1. A new standard exists for determining whether an accommodation the employer is offering is reasonable. The POWR Act narrows the affirmative defense related to “no reasonable accommodation” for a disability. A disability that “has a significant impact on the job” is no longer sufficient. Instead, the defense requires that no reasonable accommodation “would allow the individual to satisfy the essential functions of the job.”
  2. Nondisclosure agreement (NDA) requirements have changed. An NDA provision or agreement that restricts communication about alleged discriminatory or unfair employment practices is void unless certain criteria of the NDA are met:
    • Nondisclosure equally applies to all parties.
    • Disclosure of an allegation’s underlying facts is not restricted as it relates to certain individuals, government agencies, the legal process and other purposes required by law.
    • It expressly states the above disclosure does not constitute disparagement.
    • It includes a condition that a nondisparagement provision is unenforceable against the employee if the employer disparages the employee to a third party.
    • A liquidated damages provision is only enforceable if it is reasonable and proportionate, varied based on breach and not punitive.
    • An addendum attesting compliance with this subsection of the POWR Act addressing nondisclosure provisions is attached and signed by all parties.
  3. Recordkeeping requirements have changed. Employers must preserve an accurate, designated repository of complaints of discriminatory or unfair employment practices for at least five years after the record was made/received or five years after the personnel action or final disposition of a charge took place—whichever is later. Required data includes date of the complaint, non-anonymous identities of complaining parties, alleged perpetrator and substance of the complaint. Such records are personnel records, not public records, and are generally not open to public inspection.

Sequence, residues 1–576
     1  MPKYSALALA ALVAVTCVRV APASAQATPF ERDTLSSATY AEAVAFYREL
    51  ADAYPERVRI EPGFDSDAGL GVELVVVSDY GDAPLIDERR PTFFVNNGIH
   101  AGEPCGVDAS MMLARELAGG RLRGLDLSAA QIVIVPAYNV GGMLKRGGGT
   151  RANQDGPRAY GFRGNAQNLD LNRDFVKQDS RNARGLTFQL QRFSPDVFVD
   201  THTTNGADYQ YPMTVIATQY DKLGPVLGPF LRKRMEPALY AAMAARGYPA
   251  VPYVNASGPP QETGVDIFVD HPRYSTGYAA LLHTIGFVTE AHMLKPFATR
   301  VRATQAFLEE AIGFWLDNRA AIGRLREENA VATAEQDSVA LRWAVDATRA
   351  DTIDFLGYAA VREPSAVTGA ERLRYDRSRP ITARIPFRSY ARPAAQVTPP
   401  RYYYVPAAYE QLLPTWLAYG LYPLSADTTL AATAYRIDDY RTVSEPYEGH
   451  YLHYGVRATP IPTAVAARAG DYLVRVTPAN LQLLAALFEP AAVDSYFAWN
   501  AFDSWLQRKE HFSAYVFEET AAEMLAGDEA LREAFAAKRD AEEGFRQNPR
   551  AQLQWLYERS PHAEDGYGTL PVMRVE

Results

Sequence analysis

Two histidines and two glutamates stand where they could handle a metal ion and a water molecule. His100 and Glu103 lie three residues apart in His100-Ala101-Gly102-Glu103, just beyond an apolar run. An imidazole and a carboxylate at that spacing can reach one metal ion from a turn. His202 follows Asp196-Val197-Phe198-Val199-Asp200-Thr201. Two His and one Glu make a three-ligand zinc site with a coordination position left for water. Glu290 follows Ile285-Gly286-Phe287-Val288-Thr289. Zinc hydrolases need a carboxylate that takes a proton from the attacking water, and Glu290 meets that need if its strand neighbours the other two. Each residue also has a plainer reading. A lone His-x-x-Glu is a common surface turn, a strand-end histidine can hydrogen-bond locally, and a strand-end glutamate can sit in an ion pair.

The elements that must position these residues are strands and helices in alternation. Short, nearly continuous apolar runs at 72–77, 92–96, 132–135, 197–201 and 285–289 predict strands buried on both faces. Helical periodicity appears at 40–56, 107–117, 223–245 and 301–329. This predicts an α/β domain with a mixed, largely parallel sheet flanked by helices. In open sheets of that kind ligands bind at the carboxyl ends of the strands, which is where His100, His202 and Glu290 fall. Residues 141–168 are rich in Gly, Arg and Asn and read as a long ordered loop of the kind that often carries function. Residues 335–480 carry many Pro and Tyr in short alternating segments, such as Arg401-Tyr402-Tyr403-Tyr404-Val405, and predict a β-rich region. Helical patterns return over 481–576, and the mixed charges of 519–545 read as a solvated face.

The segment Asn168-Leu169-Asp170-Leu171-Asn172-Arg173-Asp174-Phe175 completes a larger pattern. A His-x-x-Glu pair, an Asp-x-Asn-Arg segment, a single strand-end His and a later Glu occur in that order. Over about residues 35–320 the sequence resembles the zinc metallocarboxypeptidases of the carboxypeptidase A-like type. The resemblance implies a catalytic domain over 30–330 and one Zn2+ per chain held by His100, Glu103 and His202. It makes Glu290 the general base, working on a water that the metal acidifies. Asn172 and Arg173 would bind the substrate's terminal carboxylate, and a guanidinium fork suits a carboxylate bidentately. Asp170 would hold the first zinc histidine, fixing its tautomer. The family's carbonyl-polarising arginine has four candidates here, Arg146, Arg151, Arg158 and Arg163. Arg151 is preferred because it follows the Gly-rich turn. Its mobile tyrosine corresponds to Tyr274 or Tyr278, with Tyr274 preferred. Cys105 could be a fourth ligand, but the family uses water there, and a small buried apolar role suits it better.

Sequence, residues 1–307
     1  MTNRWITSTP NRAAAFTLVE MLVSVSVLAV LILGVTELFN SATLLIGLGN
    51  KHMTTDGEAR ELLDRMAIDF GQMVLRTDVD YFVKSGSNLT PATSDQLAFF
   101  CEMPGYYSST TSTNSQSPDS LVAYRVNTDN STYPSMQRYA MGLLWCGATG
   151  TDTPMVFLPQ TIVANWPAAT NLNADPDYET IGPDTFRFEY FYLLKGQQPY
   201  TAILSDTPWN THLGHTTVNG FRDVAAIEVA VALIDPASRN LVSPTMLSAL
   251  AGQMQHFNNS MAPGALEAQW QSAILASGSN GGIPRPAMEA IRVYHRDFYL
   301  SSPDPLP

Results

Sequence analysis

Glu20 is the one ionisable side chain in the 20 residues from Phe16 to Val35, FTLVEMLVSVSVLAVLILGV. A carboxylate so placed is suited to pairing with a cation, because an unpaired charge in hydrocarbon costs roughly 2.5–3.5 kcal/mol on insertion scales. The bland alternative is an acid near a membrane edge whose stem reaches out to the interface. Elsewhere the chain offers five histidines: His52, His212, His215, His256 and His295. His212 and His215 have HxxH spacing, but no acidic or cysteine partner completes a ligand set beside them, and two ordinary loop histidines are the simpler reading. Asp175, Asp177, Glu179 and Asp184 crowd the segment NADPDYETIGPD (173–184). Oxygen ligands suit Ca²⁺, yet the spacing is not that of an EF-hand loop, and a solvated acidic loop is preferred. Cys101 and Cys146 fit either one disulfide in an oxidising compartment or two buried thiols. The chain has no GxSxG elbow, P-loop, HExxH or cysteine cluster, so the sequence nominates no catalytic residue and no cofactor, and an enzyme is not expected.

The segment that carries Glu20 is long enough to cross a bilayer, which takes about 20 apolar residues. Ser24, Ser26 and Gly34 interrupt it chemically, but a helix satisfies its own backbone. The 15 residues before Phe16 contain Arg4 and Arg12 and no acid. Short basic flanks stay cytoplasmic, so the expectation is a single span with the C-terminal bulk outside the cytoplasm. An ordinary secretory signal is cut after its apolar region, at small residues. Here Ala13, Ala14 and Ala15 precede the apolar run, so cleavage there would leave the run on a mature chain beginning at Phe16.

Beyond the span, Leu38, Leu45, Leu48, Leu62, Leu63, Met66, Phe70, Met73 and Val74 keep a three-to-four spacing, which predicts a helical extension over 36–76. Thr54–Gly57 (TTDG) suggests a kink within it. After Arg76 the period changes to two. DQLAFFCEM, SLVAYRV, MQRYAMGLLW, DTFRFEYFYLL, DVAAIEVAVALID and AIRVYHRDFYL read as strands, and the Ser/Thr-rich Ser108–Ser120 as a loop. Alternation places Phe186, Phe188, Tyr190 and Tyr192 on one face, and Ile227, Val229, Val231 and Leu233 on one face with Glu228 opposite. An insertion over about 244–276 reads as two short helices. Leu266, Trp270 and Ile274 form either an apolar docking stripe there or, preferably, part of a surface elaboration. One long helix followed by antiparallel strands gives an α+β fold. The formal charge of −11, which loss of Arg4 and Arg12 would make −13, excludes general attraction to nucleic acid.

Additional new requirements for Colorado employers include:

  • Employers cannot ask about age on applications. The Job Application Fairness Act (SB23-058) prohibits employers from asking about age on an initial employment application. An employer may request verification of compliance with age requirements related to federal, state, or local laws/regulations. This goes into effect on July 1, 2023.
  • Employees are entitled to three new uses of paid sick leave (SB23-017):
    • To grieve, attend services or deal with financial/legal matters resulting from death of a family member.
    • To care for a family member whose school or place of care has unexpectedly closed.
    • To unexpectedly evacuate residence due to weather, loss of power/heat/water, etc.

These additional qualifying uses of paid sick leave will go into effect on Aug. 7, 2023, subject to a referendum petition.

  • Changes have been made to the Equal Pay for Equal Work Act (CEPEWA).
    • Added a requirement for the state to create and administer a mediation process for wage discrimination complaints by July 1, 2024, investigate complaints or leads, order compliance and relief, and put enforcement rules into effect.
    • Clarified timing requirements to notify all employees about job opportunities and requirements for disclosing hourly or salary compensation, benefits, application window, selected candidate, demonstration of future interest and career progression information.
    • Added definitions for career development, career progression, job opportunity and vacancy.

These changes to CEPEWA (SB23-105) will go into effect on Jan. 1, 2024, subject to a referendum petition.

Next Steps: Colorado employers should ensure that they have a program in place that will help mitigate  exposure to harassment claims. Additionally, employers are encouraged to proactively consult with an employment lawyer to confirm that they have made the proper adjustments for the other pro-employee changes.